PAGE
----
What is Low Spatter and How Does it Work?

Posted by OTC DAIHEN on April 11, 2016

When you're trying to keep production working on a regular schedule without slowdowns in your production line, you often end up weighing the balance between factors that slow down the line and factors that help boost production, but cost more in terms of overhead. Fortunately, there's an easy way to improve your production speed without increasing your overhead too much. In this post, we'll discuss spatter control in your facility: what it is, how it affects your production line and how to implement it with minimal costs.

What is low spatter?

When your production line undertakes welding processes, small bits of molten metal are thrown away from the weld, often landing elsewhere on the work piece outside of the immediate area. Referred to as spatter, it requires additional work to remove from your pieces before they go on for additional finishing work, such as grinding. By using low spatter options and parameters, you can reduce the amount of spatter and therefore reduce the amount of work required before the piece can be moved down the production line.

How does it affect your production line?

By implementing low spatter measures in your production line, you can improve the speed at which the line moves. In turn, this lowers your overhead costs per piece, allowing your company to realize a higher profit on each piece completed and sold. You'll also see a higher quality weld and may see less waste in terms of filler metal that is lost during the production process.

How can I implement it in my design without raising costs?

Though many production line improvements actually end up raising your overhead and production costs to an unreasonable level, controlling excess spatter on your welding production is not one of them. Here are a few simple steps you can undertake to lower spatter on your production line:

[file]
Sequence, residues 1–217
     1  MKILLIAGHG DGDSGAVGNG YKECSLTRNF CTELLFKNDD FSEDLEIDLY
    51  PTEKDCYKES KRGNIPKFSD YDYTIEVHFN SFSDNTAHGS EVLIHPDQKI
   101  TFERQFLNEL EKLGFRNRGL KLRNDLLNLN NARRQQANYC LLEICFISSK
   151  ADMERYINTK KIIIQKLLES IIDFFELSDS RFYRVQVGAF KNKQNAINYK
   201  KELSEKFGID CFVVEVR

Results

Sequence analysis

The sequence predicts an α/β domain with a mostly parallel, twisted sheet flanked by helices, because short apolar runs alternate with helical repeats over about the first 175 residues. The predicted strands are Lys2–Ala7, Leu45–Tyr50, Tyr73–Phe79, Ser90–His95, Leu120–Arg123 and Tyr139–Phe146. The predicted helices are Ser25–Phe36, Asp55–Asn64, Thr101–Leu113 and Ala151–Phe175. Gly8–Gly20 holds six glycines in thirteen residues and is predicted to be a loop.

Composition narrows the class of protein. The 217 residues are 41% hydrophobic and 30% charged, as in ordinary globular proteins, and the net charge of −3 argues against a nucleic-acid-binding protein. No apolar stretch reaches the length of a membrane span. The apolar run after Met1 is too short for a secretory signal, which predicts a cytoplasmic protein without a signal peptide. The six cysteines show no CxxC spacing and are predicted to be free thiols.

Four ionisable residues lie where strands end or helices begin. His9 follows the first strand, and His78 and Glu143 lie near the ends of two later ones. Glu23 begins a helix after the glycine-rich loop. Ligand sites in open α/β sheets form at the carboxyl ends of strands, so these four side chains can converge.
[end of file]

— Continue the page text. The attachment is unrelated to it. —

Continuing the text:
• Lower your wire feed speed. A fast wire speed increases your amperage and increases spatter on the produced piece.
  • Increase your voltage. Using a voltage that is too low for your situation can increase spatter, so try increasing voltage until you achieve the desired results.
  • Lower your stick out. Typically, you want about 3/4" between the tip of the contact and your piece, slightly longer for higher wire feed speeds. Too high a stick out also lowers your shielding gas at the weld, increasing porosity, while also raising the amount of spatter.
  • Decrease the work angle. A high work angle increases spatter dramatically. Aim for a work angle below 15º to reduce spatter.
  • Ensure all surface contaminants are removed. Oils, paint or treatments in previous production can cause a lot of spatter. Clean the base metal well to get a low-spatter weld.
  • Ensure constant wire feed speed. Erratic wire feed can cause random bits of spatter, so make sure your machines are feeding at a constant rate.
  • Watch the specs on wire quality. Though it's tempting to buy cheaper wire, you'll lose those savings in post-welding cleanup.

Now that you know the advantages of lowering spatter on your production line and how it can be put into place, why not start implementing these changes into your production specifications? If you need additional information or help selecting welding machinery that will reduce spatter on your production line, please feel free to contact us today. At OTC Daihen, we've spent almost a century helping industry move ahead at the speed of progress.

Topics: Robotic Welding, Manual Welding


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